Performance Consistency II-The Experiment
Not "one more time" or "one more once," but one time only (contradicting the Count of Basie).
The focus of the experiment was to simulate one (of many) real-time performance condition in the practice studio, one predicated on the old “no second chances” adage. This was, in our view, definitely worth a try, especially in view of circumstances in the music schools at the time*.
The ground rules were as follows:
1. Choose a piece of music of easy to moderate difficulty (for trumpeters: a Concone or Bordogni vocalise, an etude from Sachse or Werner, a segment from a Charlier study, perhaps a segment from a solo work, or a couple of orchestral excerpts).
2. Play the musical material through once, as in a performance, recording it if possible, with absolutely no stopping for any reason whatsoever.
3. When finished, there should be no revisiting of anything that didn’t go well. Going back and “wood-shedding” problematic musical passages is a standard practice in the learning of music, and it also provides a certain degree of psychological relief, allowing one to proceed with one’s daily activities as if one’s errors were forgiven; however that option doesn’t exist in the world of real-time music performances. (An integral part of the experiment was to force the students to endure what every professional performer goes through on an almost daily basis: being forced to live with the reality of one’s performances-both positive and negative aspects-with no possibilities for “do-overs.” What you hear is what you did. It represents the real you, and you must live with that-at least until the next “performance.”)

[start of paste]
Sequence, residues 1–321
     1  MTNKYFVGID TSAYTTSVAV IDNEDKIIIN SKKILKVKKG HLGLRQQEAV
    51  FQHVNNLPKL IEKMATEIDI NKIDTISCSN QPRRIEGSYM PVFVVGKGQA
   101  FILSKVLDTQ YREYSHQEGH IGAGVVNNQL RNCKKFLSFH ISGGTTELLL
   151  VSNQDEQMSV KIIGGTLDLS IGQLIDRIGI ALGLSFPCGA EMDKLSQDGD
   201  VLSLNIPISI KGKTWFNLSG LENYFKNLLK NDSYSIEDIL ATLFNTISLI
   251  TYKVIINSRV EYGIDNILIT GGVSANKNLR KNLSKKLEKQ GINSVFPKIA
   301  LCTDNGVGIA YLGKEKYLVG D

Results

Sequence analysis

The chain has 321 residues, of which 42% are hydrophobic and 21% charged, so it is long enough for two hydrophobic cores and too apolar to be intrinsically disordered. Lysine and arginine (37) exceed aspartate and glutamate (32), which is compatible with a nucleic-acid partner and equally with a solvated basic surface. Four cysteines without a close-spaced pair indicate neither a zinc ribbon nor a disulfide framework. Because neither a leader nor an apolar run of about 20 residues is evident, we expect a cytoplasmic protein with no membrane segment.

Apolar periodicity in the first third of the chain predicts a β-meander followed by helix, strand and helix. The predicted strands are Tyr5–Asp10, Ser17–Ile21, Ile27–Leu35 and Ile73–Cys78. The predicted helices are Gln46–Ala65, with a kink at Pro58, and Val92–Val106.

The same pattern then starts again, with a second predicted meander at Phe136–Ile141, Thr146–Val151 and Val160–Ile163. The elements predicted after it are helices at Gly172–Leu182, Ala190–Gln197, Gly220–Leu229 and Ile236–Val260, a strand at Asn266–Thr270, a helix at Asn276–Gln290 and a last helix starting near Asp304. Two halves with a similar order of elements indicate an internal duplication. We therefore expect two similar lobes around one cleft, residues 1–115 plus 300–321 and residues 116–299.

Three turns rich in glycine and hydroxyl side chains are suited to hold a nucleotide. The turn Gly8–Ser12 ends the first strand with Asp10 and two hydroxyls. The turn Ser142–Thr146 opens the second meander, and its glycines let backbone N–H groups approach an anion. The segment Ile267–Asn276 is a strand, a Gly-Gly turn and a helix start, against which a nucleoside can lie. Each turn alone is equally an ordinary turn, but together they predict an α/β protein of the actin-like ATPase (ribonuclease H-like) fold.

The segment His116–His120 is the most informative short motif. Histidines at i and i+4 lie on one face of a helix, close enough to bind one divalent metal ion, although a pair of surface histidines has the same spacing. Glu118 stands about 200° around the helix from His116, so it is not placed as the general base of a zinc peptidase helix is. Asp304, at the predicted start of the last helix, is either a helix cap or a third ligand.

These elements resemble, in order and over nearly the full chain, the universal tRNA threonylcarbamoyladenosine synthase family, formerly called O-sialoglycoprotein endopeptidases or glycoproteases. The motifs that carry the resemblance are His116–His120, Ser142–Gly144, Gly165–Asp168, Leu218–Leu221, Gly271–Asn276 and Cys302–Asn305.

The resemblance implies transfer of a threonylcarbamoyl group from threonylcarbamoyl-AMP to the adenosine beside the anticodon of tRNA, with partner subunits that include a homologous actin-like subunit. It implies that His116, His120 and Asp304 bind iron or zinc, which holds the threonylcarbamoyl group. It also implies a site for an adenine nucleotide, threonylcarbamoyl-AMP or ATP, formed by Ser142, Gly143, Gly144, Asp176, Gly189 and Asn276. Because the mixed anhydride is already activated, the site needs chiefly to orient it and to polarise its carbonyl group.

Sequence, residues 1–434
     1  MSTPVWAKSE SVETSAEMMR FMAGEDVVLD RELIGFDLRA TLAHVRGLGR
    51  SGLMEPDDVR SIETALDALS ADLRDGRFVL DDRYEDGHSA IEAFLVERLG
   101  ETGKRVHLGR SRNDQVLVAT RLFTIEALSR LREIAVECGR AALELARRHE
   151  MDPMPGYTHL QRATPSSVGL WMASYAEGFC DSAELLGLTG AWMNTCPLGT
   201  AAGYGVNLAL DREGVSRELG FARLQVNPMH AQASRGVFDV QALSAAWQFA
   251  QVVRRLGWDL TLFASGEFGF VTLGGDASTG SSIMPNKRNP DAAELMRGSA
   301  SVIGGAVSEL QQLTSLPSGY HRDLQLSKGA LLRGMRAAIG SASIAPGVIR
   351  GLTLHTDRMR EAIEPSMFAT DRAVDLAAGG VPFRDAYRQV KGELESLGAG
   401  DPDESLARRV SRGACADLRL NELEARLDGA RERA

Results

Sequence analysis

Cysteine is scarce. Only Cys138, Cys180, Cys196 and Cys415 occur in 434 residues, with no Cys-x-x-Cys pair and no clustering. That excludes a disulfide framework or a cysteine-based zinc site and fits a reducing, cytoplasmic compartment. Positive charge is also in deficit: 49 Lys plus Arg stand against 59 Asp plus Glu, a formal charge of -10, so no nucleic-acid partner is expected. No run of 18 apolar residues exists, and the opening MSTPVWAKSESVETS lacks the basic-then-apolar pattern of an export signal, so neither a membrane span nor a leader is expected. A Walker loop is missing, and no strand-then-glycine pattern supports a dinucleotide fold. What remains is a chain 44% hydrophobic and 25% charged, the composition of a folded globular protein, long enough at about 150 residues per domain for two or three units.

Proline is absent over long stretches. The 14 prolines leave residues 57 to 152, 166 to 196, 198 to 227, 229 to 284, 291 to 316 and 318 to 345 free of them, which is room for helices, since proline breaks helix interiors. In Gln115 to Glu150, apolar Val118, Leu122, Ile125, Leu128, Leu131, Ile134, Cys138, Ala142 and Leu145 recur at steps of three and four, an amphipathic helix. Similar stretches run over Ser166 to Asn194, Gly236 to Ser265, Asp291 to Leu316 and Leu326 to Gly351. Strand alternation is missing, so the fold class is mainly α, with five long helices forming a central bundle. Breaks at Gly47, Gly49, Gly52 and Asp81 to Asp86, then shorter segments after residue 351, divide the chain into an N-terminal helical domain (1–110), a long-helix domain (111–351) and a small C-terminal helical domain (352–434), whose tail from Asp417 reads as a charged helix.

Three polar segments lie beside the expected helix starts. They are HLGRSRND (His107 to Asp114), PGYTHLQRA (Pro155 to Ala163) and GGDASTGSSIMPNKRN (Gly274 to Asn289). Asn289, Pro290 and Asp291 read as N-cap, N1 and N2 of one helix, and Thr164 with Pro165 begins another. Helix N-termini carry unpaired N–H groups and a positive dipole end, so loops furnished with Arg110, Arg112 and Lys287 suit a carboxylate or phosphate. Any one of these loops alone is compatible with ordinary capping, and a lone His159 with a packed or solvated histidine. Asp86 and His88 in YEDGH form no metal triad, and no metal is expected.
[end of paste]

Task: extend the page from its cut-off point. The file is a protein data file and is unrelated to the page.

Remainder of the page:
4. On the following day repeat the process, either by playing the same piece again or choosing something else.
5. Repeat the above four steps, ad infinitum.
Quotable: “Each day you [trumpeters] have to start all over again”-
Try it; you’ll hate it.
*During my student days, (ca. late1950s-early ‘60s) most performance-oriented music students in the better music schools were expected to participate in so many student performance activities that it was always a challenge to balance those obligations with personal practice schedules, university studies, and in the large cities, efforts to get started in the “outside world” of professional music. Since the 1970s a quite different scenario has evolved where there are far more music students than there are legitimate school performance opportunities, with a resultant inordinate degree of competition and internecine politics among student populations with respect to the awarding of those limited opportunities. This has resulted in the fact many otherwise deserving students are not getting enough performance experience.
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